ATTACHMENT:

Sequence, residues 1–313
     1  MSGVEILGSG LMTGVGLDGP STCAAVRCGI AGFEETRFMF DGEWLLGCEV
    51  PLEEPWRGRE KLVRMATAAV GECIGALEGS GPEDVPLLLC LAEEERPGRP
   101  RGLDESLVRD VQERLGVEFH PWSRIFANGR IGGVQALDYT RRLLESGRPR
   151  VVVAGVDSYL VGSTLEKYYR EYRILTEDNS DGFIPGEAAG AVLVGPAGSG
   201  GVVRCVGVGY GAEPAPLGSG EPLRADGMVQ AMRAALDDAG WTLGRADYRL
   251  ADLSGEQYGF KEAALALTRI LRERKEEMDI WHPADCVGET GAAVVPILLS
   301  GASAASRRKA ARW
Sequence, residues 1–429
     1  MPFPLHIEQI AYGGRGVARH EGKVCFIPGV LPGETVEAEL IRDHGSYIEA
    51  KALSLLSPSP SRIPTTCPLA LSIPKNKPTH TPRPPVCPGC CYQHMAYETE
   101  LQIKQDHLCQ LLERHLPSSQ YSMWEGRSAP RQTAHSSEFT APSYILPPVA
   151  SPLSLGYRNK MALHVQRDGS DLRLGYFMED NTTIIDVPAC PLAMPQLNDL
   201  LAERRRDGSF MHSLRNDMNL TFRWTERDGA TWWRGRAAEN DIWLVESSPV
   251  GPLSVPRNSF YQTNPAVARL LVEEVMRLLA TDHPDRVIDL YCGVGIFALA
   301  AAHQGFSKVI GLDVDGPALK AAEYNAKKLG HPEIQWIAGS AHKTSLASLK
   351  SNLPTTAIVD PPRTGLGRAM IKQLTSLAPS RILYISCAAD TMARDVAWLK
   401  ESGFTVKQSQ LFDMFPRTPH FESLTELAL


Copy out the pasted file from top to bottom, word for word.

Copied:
Sequence, residues 1–313
     1  MSGVEILGSG LMTGVGLDGP STCAAVRCGI AGFEETRFMF DGEWLLGCEV
    51  PLEEPWRGRE KLVRMATAAV GECIGALEGS GPEDVPLLLC LAEEERPGRP
   101  RGLDESLVRD VQERLGVEFH PWSRIFANGR IGGVQALDYT RRLLESGRPR
   151  VVVAGVDSYL VGSTLEKYYR EYRILTEDNS DGFIPGEAAG AVLVGPAGSG
   201  GVVRCVGVGY GAEPAPLGSG EPLRADGMVQ AMRAALDDAG WTLGRADYRL
   251  ADLSGEQYGF KEAALALTRI LRERKEEMDI WHPADCVGET GAAVVPILLS
   301  GASAASRRKA ARW
Sequence, residues 1–429
     1  MPFPLHIEQI AYGGRGVARH EGKVCFIPGV LPGETVEAEL IRDHGSYIEA
    51  KALSLLSPSP SRIPTTCPLA LSIPKNKPTH TPRPPVCPGC CYQHMAYETE
   101  LQIKQDHLCQ LLERHLPSSQ YSMWEGRSAP RQTAHSSEFT APSYILPPVA
   151  SPLSLGYRNK MALHVQRDGS DLRLGYFMED NTTIIDVPAC PLAMPQLNDL
   201  LAERRRDGSF MHSLRNDMNL TFRWTERDGA TWWRGRAAEN DIWLVESSPV
   251  GPLSVPRNSF YQTNPAVARL LVEEVMRLLA TDHPDRVIDL YCGVGIFALA
   301  AAHQGFSKVI GLDVDGPALK AAEYNAKKLG HPEIQWIAGS AHKTSLASLK
   351  SNLPTTAIVD PPRTGLGRAM IKQLTSLAPS RILYISCAAD TMARDVAWLK
   401  ESGFTVKQSQ LFDMFPRTPH FESLTELAL